grocery store. It would give us time to
hunker down and wait for the radioactive cloud to pass.
down? Shouldn't we all flee?
human nature to want to flee in the event of a disaster. Flee where?
And how? Being a car-less New
Yorker, what am I to do? Presume the
rental agents haven't already fled, make a beeline for my local Hertz, and rent
a car that literally millions of other New Yorkers are vying for?
depending on where you live and how close you are to the burning irradiated
fuel pool, staying put may be a good idea.
years ago when I was first doing organizing against nuclear power for the
Sierra Club Radioactive Waste Campaign I learned that fleeing might not be the
best option. During the Three Mile
Island disaster, our office got flooded with calls. Folks from Harrisburg, State College, and Scranton in PA,
Syracuse, Ithaca and Rochester in NY, even Maine, were on the phone, crying,
pleading, and begging us to tell them where to go. Where was it safe?
Rosalie Bertell, one of the world's leading experts on the health effects of
radiation, advised us to tell folks:
Don't move. Stay put. The worse thing is to drive somewhere. That way you're extremely vulnerable to the
radiation dropping out of the sky. Much
as we may like to think our autos are our fortresses, our castles, the auto's
body of metal and glass is too thin to provide adequate shielding against gamma
radiation. Furthermore, everybody will
be trapped in a traffic jam and, consequently, at risk from longer exposure to more
here it is twenty-five years later and I thought I'd check out the latest
wisdom on this topic. I called an old
friend and dedicated anti-nuclear activist, Paul Gunter. Paul works on reactor safety issues at the
Nuclear Information and Resource Service in Washington DC. What should people do in the event of a fuel
pool accident at a nuclear reactor?
answer was, "It depends." It
depends if it's raining. If it's
raining, the rain will bring the radioactivity down onto our heads - instead of
it blowing further away to later be brought down on someone else's head. It depends how close we are to the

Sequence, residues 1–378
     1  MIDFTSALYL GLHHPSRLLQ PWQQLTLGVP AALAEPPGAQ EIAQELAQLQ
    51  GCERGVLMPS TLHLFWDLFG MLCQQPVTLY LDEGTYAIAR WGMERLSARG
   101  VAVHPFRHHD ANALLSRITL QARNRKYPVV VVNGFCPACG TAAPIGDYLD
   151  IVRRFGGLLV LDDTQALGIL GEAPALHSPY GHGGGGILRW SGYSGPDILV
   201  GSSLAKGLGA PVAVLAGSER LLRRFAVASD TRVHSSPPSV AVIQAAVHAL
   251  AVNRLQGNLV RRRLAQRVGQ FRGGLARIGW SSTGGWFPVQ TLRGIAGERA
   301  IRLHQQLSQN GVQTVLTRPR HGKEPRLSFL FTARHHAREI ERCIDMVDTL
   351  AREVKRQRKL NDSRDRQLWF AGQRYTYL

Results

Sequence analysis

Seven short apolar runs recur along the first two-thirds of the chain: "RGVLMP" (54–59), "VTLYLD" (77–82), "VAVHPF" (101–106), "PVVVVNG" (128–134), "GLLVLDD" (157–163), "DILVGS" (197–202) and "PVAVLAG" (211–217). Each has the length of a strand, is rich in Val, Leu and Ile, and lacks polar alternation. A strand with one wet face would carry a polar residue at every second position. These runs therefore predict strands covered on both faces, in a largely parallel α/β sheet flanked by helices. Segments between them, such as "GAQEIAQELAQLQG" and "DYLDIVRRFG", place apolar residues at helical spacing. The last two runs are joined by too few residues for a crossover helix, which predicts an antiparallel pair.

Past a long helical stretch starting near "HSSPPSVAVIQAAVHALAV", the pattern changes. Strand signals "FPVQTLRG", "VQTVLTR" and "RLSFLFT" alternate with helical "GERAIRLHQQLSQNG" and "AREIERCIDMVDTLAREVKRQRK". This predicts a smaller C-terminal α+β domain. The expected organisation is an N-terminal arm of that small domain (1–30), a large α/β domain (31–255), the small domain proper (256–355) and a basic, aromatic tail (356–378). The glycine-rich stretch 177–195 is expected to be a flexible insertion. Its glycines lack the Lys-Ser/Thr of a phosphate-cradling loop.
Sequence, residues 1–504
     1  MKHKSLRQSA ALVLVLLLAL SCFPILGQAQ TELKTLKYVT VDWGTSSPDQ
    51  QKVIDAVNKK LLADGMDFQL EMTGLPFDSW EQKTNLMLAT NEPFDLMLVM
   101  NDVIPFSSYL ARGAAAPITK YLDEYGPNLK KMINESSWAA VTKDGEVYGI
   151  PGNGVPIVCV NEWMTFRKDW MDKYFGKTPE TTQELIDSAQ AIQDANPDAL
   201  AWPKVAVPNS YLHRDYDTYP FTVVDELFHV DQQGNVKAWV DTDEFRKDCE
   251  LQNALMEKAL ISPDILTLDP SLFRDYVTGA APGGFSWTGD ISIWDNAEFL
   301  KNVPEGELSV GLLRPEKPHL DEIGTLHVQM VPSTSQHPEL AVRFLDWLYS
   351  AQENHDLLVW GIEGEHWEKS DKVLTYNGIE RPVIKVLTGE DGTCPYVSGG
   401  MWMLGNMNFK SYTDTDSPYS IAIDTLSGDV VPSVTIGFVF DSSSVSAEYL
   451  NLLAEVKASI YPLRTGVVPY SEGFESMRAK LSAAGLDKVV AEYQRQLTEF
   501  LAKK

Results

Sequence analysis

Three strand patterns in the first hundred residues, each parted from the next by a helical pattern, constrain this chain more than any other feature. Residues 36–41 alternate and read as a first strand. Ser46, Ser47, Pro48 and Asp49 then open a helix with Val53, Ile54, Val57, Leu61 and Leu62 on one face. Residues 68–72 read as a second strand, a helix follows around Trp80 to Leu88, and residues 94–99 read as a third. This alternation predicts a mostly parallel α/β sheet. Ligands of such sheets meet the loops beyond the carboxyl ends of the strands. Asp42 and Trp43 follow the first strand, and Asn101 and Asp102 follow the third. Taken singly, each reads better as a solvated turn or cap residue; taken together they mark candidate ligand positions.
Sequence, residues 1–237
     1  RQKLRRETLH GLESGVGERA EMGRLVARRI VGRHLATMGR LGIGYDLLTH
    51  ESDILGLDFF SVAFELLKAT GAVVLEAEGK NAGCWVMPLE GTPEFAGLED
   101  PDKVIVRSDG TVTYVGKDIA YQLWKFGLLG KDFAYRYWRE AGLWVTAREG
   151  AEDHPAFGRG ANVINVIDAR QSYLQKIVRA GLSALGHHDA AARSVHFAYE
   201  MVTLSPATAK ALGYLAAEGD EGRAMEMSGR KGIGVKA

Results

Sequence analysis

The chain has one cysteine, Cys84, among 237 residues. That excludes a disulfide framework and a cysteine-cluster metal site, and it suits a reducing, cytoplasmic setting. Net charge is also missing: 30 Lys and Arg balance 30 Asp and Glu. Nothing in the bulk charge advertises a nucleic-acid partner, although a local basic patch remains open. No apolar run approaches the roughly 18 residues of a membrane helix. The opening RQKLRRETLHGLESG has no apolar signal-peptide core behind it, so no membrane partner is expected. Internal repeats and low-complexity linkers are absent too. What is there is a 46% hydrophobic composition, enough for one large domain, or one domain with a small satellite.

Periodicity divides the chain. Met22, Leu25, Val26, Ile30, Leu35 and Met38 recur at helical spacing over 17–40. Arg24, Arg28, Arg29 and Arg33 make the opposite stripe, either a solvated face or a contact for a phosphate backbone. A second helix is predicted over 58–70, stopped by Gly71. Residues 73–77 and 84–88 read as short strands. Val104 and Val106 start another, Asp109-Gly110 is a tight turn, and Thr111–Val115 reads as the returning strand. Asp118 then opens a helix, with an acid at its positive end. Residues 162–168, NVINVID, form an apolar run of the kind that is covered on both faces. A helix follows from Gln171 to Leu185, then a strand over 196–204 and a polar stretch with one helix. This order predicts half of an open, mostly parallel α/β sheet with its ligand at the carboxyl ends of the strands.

nuke. Closer than 5-10 miles maybe
folks should evacuate. Maybe not. That depends upon the type of building we
live in. Shingle roof with shingle
siding will provide less protection against gamma radiation than a slate roof
and brick walls. It depends which way
the wind is blowing. The depends went
on and on.
to Paul, I got very depressed.
Depression was quickly followed by rage. Our government built these damn death traps and sited them all
over the country. This same government
is not providing its citizens with one scrap of information regarding what to
do if a nuclear reactor is attacked.
No, they're just saying, it can't happen here, trust us, and everything's
conclusion: buy water, but be honest with myself and remember this is a sop, my
own personal sop. I'll also remember
that most humans, including me, are like Dorothy. When there's a crisis, something totally unpredictable happens. Instead of running for the basement, we dash
out the door to catch Toto.
I head for my local grocery with a shopping cart. I load up $14.56 worth of water (12 gallons) and drag it
home. All the Sunday brunchers are out
blithely smiling and strolling and I'm sweating and puffing. Water is heavy.
I feel any better? Yes. Will my sense of minimal security be
temporary? You betcha. A few gallons of water aren't going to
solve the problem.
only one way to solve the problem. What
is it? Shut down the nukes and stop
producing all of these fiendish poisons.
Mina Hamilton is a writer
based in New York City. She is also a
Research Associate at Radioactive Waste Management Associates. She can be
reached at email@example.com.
* Readers interested in more details
about irradiated fuel pools, their design, function and risks might want to
check out the chapter, "The Deadly Consequences of Nuclear Power"
which Mina wrote for the book, Critical Mass: Voices for a Nuclear-Free
Future. Mina will e-mail an updated
version of this chapter upon request.
To get information regarding the type and location of your nearest nuke,